Last September saw the release of data showing that the number of women diagnosed with ovarian cancer following an emergency presentation (such as A&E) had fallen from 31 per cent in 2006 to 26 per cent in 2013. Further data released in November showed an increasing number of women being diagnosed following referral by their GP. Both are a sign that National Institute for Health and Care Excellence (NICE) guidelines and our work to increase GPs awareness of ovarian cancer is paying off.
The new report from Public Health England however shows how these improvements vary across different groups. For example, over half of women with ovarian cancer aged 85 or over were diagnosed following an emergency presentation compared to just one in five women under 50. Women living in deprived areas were more likely to be diagnosed through an emergency presentation.
What’s more, of all these women then diagnosed via an emergency presentation, just 11 per cent of women aged 85 or over survived a year or more, compared to 72 per cent of women aged under 65.
The results emphasise the need for more people to know the symptoms of ovarian cancer, and to go equipped to their GP if they are experiencing these symptoms. Our work on symptoms awareness and early diagnosis aims to reduce the numbers of women diagnosed following an emergency presentation.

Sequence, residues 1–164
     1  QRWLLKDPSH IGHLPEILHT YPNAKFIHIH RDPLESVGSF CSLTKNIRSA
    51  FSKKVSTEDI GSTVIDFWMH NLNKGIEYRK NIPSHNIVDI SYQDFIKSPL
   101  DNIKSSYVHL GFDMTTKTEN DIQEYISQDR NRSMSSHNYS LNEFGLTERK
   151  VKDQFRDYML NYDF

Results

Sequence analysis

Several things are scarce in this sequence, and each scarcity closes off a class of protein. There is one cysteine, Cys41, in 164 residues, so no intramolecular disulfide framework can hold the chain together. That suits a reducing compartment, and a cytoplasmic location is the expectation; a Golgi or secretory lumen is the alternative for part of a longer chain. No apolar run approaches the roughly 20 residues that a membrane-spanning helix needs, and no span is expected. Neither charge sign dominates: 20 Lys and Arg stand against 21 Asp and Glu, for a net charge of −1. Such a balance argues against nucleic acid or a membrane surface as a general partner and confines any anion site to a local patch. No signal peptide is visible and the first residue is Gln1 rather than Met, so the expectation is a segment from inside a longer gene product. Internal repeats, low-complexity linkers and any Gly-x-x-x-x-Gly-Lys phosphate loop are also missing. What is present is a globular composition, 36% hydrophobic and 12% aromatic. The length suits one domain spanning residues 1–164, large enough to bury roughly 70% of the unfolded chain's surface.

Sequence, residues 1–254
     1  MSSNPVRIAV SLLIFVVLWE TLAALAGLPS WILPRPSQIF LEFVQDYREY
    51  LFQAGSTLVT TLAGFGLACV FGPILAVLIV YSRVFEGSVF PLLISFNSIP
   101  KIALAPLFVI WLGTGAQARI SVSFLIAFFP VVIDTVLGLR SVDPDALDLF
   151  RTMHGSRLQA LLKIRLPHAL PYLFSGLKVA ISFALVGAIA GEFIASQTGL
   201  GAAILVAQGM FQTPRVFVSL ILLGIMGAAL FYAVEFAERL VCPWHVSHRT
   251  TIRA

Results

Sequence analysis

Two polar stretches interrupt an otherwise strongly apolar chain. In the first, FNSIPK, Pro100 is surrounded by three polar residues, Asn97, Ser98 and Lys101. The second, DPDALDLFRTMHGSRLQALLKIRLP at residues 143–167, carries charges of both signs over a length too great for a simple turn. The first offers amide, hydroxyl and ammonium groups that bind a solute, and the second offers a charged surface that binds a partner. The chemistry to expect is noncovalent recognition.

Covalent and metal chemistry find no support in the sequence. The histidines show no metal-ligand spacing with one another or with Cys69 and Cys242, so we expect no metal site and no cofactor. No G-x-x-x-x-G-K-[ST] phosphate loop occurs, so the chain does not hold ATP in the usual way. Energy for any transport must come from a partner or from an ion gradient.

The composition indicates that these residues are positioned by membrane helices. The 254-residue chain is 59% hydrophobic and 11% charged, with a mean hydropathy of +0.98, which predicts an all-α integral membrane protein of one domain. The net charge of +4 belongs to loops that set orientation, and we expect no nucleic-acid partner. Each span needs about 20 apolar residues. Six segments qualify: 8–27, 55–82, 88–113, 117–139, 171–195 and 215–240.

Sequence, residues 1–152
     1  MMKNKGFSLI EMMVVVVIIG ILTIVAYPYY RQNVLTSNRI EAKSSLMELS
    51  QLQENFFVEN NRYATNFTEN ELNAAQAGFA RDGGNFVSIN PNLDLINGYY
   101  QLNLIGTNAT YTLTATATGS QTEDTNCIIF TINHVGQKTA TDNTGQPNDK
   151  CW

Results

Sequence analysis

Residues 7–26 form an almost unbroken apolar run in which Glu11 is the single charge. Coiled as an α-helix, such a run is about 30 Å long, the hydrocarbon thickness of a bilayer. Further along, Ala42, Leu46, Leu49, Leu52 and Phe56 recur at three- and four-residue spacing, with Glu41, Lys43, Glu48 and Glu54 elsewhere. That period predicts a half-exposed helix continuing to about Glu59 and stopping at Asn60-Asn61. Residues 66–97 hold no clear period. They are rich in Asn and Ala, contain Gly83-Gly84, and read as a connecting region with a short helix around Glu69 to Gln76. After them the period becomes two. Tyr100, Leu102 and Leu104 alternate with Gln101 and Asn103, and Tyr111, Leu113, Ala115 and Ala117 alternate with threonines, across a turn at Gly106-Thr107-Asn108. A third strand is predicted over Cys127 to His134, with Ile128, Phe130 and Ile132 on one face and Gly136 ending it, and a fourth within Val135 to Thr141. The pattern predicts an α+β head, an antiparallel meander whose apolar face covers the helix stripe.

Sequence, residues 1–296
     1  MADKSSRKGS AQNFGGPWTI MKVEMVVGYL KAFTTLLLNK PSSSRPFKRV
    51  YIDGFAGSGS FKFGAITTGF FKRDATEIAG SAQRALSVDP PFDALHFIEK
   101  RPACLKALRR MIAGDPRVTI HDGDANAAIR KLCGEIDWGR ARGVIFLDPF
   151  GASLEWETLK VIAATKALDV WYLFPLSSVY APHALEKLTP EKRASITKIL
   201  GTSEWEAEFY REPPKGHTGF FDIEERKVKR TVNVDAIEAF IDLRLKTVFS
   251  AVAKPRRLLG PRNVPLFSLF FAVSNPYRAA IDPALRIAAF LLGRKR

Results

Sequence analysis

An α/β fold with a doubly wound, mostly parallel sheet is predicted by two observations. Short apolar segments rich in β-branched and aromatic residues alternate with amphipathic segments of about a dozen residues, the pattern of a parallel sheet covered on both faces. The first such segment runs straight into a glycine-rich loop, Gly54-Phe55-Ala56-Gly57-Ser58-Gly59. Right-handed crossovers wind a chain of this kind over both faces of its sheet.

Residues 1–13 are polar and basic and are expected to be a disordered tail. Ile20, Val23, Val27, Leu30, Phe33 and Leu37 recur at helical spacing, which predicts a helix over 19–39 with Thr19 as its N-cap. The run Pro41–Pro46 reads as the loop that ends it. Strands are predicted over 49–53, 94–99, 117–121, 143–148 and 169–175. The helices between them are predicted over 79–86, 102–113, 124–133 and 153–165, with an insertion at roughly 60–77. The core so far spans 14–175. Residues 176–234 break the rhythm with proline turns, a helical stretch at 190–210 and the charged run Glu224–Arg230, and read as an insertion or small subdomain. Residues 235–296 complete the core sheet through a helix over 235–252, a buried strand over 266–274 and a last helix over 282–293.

Tatum de Roeck’s mum was diagnosed with ovarian cancer in A&E. She said: “The cancer was at stage 4 when mum got her diagnosis in the emergency room. What took them so long? She had been to the doctor with stomach pains and other symptoms and was told that it was probably Irritable Bowel Syndrome (IBS).
“It seems to be a pretty common assumption by GPs when women present these kinds of symptoms, even though IBS is a really uncommon thing to just suddenly begin after the age of 50. We shouldn’t wait until it’s too late. We all need to be aware of the symptoms such as persistent bloating, stomach pain, difficulty eating and always needing to go to the loo. Then women can visit their doctors at the very first signs and the doctors could immediately order tests to rule out ovarian cancer.”